Social reality check

Editor Jennifer Horn on why brands need to put some action behind their CSR efforts.

This article appears in the November/December 2017 issue of strategy.

Sitting at the salon, I recently watched a woman sweep hair trimmings into a heavy-duty dustpan, and then discard the pile into a “Hair Only” bin. It prompted me to ask something I’ve always wondered quietly to myself: “Where in the world do all those locks go?” My imagination takes me to TV show scenes where men in hazmat suits carry biomedical waste in cooler boxes before my stylist responds, “Oh, they’ll be used to clean oil spills.” (It’s true – companies create pool noodle “boons” stuffed with hair to soak up the grease.)

As someone who’s been dying her hair since age 18 and rues not being able to donate to cancer-patient wigs as a result, I sat up with pride knowing my tresses would give back in some way. I actually wouldn’t have known my salon friends were keeping the oceans clean if I hadn’t been so nosy. It’s a deed that goes unnoticed, as the owners don’t make a ballyhoo of it.

Naturally, this got me thinking about corporate philanthropy – specifically, what it looks like when brand giving is tied to cause marketing. How are today’s brands making a more mindful effort to intimately marry the two? And (the age-old question) how are they demonstrating goodwill in a truly genuine way?

Corporate grants and gifting programs (like Apple’s employee donation matching that has seen the tech giant double $25 million for its charities) were traditionally void of PR. Somewhere in the late ‘80s, company image pressures rose and CSR became a bigger piece of the marketing pie. For the most part, cause marketing has existed in the form of sponsorship. Breast cancer, the “Darling of Corporate America,” is a textbook example of that attachment to a cause, which arguably led to compassion fatigue, the painful reality of pinkwashing.

But now, more brands appear to be rolling up their sleeves and pitching in. They’re not just lining charities with donations; they’re building their walls. We see this in Samsung and IKEA, both featured in our Creative Report Card.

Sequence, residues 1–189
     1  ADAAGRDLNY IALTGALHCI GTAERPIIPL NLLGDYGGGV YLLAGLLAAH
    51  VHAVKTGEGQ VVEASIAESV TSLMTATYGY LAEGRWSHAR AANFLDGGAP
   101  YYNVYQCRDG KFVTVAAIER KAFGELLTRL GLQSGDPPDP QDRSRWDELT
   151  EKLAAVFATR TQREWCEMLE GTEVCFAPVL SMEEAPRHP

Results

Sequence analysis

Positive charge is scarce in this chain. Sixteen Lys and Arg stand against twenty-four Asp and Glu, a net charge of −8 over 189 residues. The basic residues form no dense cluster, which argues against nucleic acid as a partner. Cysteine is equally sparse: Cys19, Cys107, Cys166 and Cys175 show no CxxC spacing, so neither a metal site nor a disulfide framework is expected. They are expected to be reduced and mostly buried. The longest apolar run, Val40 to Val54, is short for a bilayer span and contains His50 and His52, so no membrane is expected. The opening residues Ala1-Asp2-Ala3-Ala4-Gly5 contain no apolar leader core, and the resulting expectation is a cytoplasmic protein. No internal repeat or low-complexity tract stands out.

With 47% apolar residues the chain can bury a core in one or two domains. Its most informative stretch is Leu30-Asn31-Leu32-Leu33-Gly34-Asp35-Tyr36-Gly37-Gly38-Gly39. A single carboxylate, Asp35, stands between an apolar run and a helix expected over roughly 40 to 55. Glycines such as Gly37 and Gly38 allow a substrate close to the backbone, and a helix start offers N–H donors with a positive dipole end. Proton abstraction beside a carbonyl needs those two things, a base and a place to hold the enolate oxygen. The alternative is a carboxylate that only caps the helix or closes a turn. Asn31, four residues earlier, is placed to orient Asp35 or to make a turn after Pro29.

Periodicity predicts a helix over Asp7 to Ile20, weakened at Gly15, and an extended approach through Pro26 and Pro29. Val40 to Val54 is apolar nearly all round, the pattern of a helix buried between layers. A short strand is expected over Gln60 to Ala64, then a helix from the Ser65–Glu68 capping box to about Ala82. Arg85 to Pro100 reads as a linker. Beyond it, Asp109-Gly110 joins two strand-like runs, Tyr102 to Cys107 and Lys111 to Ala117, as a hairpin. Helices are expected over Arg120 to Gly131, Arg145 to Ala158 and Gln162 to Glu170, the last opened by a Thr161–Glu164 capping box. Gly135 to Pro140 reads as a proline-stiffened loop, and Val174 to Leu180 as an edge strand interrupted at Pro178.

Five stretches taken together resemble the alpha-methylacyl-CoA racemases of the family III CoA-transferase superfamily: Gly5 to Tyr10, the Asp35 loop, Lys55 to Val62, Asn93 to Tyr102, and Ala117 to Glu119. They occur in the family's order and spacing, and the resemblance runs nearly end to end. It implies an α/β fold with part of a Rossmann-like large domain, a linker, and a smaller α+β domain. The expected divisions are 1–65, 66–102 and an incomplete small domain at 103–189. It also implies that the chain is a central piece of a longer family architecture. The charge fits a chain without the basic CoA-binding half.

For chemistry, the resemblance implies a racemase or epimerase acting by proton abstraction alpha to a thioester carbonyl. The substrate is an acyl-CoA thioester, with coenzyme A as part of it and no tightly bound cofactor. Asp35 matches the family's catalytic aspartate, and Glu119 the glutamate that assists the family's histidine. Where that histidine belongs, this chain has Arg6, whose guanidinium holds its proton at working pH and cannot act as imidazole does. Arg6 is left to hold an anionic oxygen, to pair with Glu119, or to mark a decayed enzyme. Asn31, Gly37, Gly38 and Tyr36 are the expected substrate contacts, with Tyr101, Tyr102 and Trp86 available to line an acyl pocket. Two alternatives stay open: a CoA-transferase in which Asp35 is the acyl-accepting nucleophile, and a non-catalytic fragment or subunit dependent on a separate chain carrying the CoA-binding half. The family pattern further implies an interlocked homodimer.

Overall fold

The electronics brand is building a more outward cause strategy through projects like the “Samsung Space” for CASSIES Grand Prix winner SickKids. While still giving funds, the brand added an emotional layer by creating a place for kids to find playful solace at the hospital. Here, the brand’s DNA is baked right in, as it filled the space with VR headsets and tablets to preoccupy patients’ anxious/bored minds. This follows projects like “Look at Me,” where Samsung helped foster human connections by giving tablets to those with autism.

And IKEA is literally creating energy. It’s buying up windmills, plugging in electric cars, and recycling batteries at check-out. More than that, the brand is merging its global CSR goals with local consumer marketing, showing frugal furniture buyers what it’s doing in the field – from humanitarian missions to environmental efforts. Even its catalogues highlight a CSR bent, right next to images of LUSY pillowcases filled with recycled leftovers from IKEA quilts.

We’re learning that it’s not enough to ride the coattails of a cause by simply slapping on a brand badge. And because cause orgs, like SickKids, are adopting unapologetic attitudes, that changes the nature of the supportive relationships brands have with them (so you have no excuse to pinkwash ever again).